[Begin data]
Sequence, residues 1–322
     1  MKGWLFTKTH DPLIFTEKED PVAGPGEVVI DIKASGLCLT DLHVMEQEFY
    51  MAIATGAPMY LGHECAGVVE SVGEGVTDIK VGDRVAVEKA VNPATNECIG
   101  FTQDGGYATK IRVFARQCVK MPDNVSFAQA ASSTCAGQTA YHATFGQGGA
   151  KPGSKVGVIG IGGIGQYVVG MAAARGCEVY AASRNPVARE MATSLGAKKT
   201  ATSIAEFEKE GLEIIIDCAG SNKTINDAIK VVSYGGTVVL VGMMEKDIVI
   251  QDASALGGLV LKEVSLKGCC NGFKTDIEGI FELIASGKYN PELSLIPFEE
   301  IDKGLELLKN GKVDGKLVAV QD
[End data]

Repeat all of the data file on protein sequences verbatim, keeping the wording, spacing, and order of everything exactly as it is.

Sequence, residues 1–322
     1  MKGWLFTKTH DPLIFTEKED PVAGPGEVVI DIKASGLCLT DLHVMEQEFY
    51  MAIATGAPMY LGHECAGVVE SVGEGVTDIK VGDRVAVEKA VNPATNECIG
   101  FTQDGGYATK IRVFARQCVK MPDNVSFAQA ASSTCAGQTA YHATFGQGGA
   151  KPGSKVGVIG IGGIGQYVVG MAAARGCEVY AASRNPVARE MATSLGAKKT
   201  ATSIAEFEKE GLEIIIDCAG SNKTINDAIK VVSYGGTVVL VGMMEKDIVI
   251  QDASALGGLV LKEVSLKGCC NGFKTDIEGI FELIASGKYN PELSLIPFEE
   301  IDKGLELLKN GKVDGKLVAV QD